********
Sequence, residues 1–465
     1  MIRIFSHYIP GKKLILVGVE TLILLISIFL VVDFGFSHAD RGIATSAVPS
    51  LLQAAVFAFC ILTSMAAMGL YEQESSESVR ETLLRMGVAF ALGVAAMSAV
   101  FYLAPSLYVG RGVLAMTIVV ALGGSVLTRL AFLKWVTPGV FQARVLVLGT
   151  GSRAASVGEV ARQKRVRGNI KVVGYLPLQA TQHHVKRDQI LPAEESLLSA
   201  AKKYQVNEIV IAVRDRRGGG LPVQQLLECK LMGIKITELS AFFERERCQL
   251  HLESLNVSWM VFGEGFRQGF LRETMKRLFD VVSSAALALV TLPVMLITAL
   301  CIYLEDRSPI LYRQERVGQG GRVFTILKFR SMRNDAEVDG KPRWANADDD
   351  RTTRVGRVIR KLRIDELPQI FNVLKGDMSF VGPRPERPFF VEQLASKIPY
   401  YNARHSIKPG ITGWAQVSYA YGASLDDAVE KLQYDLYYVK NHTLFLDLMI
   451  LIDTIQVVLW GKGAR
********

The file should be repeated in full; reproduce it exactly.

Sequence, residues 1–465
     1  MIRIFSHYIP GKKLILVGVE TLILLISIFL VVDFGFSHAD RGIATSAVPS
    51  LLQAAVFAFC ILTSMAAMGL YEQESSESVR ETLLRMGVAF ALGVAAMSAV
   101  FYLAPSLYVG RGVLAMTIVV ALGGSVLTRL AFLKWVTPGV FQARVLVLGT
   151  GSRAASVGEV ARQKRVRGNI KVVGYLPLQA TQHHVKRDQI LPAEESLLSA
   201  AKKYQVNEIV IAVRDRRGGG LPVQQLLECK LMGIKITELS AFFERERCQL
   251  HLESLNVSWM VFGEGFRQGF LRETMKRLFD VVSSAALALV TLPVMLITAL
   301  CIYLEDRSPI LYRQERVGQG GRVFTILKFR SMRNDAEVDG KPRWANADDD
   351  RTTRVGRVIR KLRIDELPQI FNVLKGDMSF VGPRPERPFF VEQLASKIPY
   401  YNARHSIKPG ITGWAQVSYA YGASLDDAVE KLQYDLYYVK NHTLFLDLMI
   451  LIDTIQVVLW GKGAR